‘New York’s law is wrong.’ New Jersey remote workers appeal New York income tax rules

New Jersey is now offering an incentive for residents who successfully win their own legal challenge against New York.

Karina Gerry

Apr 26, 2024, 12:49 AM

Updated 30 days ago

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As New Jersey commuters brace for New York City congestion pricing to go into effect on June 15, residents who work from home in New Jersey are already shelling out money to New York.
“I personally want the money to go to New Jersey," says tax attorney Open Weaver Banks. "And I know New York’s law is wrong.”
Banks works from home for a business based in New York. Thanks to the “convenience of employer rule” she and other New Jersey residents must pay New York income tax, even if they only go into the office once a year.
“If you’re assigned to the New York office and you’re working outside New York remotely so you’re working from home in New Jersey, New York will treat you as if you’re working in New York," explained Jason Rosenberg, a state and local tax accountant. "So, they will tax you on all of your income at that point.”
This convenience of employer law is not new, but since 2020 the amount of people working from home or hybrid has increased.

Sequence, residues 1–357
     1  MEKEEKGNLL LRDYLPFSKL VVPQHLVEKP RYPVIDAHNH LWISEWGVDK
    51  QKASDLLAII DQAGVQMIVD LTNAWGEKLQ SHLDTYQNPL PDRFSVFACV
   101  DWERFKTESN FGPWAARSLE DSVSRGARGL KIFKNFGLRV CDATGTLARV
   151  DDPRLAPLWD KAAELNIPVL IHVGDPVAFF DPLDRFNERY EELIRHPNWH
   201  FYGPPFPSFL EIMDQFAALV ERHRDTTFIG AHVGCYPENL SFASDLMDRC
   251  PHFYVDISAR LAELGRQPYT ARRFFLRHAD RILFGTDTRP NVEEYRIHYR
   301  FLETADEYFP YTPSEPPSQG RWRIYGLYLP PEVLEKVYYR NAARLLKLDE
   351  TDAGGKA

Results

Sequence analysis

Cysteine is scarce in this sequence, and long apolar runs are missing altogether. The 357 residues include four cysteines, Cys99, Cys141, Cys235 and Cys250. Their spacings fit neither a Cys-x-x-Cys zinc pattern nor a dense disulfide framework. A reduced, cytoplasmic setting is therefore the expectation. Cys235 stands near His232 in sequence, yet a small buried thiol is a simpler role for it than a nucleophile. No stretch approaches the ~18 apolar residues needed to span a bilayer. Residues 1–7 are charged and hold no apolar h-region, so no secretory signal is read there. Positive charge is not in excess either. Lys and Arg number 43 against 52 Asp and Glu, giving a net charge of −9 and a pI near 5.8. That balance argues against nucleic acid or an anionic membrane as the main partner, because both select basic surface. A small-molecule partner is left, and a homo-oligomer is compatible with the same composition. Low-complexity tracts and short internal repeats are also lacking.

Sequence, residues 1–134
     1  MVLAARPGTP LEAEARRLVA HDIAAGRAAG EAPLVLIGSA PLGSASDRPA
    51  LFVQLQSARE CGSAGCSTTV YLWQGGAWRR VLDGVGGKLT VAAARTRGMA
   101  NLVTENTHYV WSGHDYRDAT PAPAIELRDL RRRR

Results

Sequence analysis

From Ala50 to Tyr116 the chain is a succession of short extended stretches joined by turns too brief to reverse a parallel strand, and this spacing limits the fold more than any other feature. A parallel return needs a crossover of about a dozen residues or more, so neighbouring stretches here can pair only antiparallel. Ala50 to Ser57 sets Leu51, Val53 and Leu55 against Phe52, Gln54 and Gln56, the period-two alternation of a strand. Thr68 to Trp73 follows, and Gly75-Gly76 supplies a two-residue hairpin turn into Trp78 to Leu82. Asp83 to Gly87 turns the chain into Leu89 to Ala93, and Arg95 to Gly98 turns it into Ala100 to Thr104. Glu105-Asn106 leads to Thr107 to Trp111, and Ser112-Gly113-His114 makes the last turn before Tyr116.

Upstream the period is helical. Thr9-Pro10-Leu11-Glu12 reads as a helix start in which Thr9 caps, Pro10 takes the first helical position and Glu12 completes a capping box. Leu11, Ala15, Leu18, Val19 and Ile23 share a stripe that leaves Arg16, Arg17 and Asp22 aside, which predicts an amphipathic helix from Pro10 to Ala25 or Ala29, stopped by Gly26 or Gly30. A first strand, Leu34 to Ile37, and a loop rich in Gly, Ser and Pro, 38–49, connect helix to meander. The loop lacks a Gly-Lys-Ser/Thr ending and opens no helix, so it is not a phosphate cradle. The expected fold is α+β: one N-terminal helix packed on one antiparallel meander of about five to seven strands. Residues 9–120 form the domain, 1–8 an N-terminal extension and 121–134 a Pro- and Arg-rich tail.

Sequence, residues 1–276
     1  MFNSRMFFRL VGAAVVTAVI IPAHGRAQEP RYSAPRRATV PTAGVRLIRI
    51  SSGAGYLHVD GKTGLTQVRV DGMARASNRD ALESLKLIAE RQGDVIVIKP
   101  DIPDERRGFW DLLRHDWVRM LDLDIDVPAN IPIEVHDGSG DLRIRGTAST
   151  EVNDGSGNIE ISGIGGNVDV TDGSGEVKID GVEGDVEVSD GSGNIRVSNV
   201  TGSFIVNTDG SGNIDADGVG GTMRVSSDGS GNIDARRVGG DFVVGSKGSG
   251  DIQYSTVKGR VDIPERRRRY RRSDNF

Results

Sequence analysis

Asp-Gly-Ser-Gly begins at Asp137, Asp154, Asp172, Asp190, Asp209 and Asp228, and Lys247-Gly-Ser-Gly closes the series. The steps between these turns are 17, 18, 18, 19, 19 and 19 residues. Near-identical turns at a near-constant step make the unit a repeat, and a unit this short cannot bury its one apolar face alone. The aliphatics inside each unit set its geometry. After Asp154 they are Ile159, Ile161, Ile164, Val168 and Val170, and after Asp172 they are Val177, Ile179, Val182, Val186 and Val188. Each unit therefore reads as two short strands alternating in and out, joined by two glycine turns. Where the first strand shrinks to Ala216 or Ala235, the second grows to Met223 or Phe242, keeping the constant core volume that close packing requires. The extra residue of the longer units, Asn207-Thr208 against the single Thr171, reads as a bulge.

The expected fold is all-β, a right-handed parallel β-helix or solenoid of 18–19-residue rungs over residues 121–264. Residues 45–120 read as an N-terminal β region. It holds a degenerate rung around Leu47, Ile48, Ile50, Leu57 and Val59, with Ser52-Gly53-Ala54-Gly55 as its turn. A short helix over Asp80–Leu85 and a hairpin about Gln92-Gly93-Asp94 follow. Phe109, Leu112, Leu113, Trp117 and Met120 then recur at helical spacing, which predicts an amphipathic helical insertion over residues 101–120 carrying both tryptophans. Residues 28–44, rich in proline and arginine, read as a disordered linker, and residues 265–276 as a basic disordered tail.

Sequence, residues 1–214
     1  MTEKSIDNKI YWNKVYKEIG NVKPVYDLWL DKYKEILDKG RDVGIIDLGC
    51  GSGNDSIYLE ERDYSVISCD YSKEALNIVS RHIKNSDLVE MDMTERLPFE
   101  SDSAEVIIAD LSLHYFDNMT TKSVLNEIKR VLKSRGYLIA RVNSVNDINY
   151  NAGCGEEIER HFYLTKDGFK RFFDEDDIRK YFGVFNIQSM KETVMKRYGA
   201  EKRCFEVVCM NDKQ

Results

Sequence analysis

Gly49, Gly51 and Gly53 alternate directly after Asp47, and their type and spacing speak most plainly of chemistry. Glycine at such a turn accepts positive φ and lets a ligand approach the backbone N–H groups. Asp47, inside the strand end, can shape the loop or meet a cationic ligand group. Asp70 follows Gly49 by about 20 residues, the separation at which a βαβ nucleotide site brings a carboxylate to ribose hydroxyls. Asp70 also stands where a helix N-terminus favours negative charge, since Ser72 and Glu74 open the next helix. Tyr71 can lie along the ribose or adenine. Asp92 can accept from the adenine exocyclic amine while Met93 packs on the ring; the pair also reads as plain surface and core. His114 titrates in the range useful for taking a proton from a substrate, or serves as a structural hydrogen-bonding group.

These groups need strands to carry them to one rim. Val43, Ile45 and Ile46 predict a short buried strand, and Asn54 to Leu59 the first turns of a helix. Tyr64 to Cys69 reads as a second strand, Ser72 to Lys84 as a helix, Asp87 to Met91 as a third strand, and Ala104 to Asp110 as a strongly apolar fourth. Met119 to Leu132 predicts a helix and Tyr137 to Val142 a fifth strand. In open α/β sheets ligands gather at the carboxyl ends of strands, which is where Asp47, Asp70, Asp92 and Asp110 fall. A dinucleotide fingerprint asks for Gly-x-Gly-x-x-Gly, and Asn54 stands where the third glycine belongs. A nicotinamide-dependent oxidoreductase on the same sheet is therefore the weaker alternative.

“New York’s been super, super, super aggressive with the convenience of employer rule and as we know it affects a lot of New Jersey residents," Rosenberg said.
New Jersey is now offering an incentive for residents who successfully win their own legal challenge against New York. Since the law passed in July 2023, telecommuters in New Jersey who win their appeals against New York and receive a refund for their income tax do not have to pay the full amount back to New Jersey.
“Not only do I think that the New York law is wrong, especially the way it was applied in 2020, but also New Jersey got extremely creative and said, ‘We’re going to incentivize our residents to go get their refunds and then we won’t make you pay it all back to New Jersey,’ you only have to pay half of it back," Banks explained.
Banks and other tax attorneys are arguing that those who were forced to work from home during the pandemic at no fault of their own shouldn’t fall under the “convenience of employer rule.”
“So, to me, those are the perfect situations, those are my facts for challenging the convenience rule and making New York pay what I already paid in back to me," Banks said.
To qualify for the New Jersey, rebate a taxpayer must be a New Jersey resident, pay income tax or wage tax to New York state, apply and be denied a refund, file an appeal and win, and receive a refund from New York.
It’s important to note winning an appeal is not easy. Since the state enacted the new law back in July only one person has taken advantage of the rebate.


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